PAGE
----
VVGB partner Edwin Vermulst addressed the ECIPE event on ‘Trade defense in the EU: The case of solar panel imports from China’, together with speakers Sylvain Plasschaerts and Frank Hoffmeister, held in Brussels on 5 April 2016. Mr. Vermulst provided a legal evaluation of the EU anti-dumping case on solar panel and cell imports, his views on the China market economy status debate as well as general comments / assessment of the EU TDI framework, its specificities, and possible needs for reform.
On 16 February 2016, Edwin Vermulst participated in a panel discussion on “MES – where are we heading ?” The panel was organised by FTI Consulting and moderated by Poppy Bullock. Other panelists included Leopoldo Rubinacci, Christopher Fjellner, Ines van Lierde, Jing Men and Laurent Ruesmann. Edwin Vermulst considered that from 12 December 2016 onward, WTO Members can no longer legally use the analogue country or similar methodologies as the basis for normal value calculations in anti-dumping proceedings targeting China and should rather use Chinese domestic prices or costs. However, contrary to what some would like decision-makers to believe, this does not mean that the EU or other WTO Members will have no defense against genuine Chinese dumping practices. Other provisions in either the ADA or the SCM Agreement offer sufficient guarantees against that. These views will be explained in more detail in an article to be published in 11:5 Global Trade and Customs Journal, co-authored by Juhi Sud, Simon Evenett and Edwin Vermulst.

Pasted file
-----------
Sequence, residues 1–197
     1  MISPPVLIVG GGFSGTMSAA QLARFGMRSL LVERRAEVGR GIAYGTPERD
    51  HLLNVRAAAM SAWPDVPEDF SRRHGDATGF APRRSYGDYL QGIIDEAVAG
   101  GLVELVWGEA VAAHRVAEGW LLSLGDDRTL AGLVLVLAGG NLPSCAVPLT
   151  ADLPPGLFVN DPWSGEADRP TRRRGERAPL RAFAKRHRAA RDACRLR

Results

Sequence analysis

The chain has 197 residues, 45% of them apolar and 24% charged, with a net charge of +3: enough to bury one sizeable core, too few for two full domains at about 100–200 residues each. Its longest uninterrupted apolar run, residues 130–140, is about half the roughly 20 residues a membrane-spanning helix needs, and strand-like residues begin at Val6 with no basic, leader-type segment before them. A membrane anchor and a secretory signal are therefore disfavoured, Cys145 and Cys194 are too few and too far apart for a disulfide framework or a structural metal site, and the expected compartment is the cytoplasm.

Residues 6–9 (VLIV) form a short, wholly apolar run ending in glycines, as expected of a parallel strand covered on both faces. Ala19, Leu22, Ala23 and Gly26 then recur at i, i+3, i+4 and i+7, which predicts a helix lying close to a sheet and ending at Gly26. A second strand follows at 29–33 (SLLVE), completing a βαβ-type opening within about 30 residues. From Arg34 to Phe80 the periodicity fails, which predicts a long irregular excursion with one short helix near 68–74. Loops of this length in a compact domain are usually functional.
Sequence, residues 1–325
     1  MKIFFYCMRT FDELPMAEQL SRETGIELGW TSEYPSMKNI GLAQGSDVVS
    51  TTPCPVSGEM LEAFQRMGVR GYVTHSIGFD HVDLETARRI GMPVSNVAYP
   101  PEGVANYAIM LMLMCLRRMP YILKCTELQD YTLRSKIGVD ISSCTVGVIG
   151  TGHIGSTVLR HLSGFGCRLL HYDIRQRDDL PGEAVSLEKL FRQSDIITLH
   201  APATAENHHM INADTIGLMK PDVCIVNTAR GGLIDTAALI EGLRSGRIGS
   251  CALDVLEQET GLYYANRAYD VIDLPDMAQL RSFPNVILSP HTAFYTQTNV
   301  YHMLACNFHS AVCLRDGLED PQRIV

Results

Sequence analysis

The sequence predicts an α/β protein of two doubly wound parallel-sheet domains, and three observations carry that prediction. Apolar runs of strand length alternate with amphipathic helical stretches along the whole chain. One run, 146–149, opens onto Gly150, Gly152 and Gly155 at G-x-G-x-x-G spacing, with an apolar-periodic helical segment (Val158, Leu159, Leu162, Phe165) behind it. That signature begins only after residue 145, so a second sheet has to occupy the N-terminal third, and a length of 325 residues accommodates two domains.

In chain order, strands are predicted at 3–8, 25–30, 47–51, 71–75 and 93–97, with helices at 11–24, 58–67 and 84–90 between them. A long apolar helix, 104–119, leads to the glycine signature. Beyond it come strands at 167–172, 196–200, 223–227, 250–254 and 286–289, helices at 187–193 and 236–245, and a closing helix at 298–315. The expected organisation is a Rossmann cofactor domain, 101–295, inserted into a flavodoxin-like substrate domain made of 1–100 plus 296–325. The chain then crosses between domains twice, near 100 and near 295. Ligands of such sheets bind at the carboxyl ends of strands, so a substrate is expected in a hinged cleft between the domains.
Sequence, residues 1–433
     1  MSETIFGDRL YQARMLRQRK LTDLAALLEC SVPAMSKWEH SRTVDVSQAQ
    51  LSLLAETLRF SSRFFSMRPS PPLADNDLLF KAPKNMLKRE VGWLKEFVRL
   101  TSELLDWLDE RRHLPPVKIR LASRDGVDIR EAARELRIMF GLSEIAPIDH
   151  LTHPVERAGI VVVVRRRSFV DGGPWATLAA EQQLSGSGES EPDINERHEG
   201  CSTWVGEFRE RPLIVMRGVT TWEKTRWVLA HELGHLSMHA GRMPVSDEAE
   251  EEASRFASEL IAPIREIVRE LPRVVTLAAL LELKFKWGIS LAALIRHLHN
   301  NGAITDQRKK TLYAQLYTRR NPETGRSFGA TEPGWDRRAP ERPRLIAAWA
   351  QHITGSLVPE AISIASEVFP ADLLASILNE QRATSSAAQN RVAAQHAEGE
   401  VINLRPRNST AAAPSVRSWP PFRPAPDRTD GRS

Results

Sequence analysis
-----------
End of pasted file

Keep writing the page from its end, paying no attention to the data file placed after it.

VVGB Partner Edwin Vermulst participated in the 40th joint annual meeting of the Colombian Instituto Colombiano de Derecho Tributario, Instituto Colombiano de Derecho Aduanero and the International Fiscal Association, held in Cartagena from 10 to 12 February 2016. On 11 February Mr. Vermulst participated in a panel on WTO disputes involving Colombia, together with panelists Nicolas Torres Alvarez and Andres Espinosa Fenwarth and moderated by Felipe Jamarillo. On 12 February Mr. Vermulst gave a presentation on transparency problems in the application of trade defense instruments.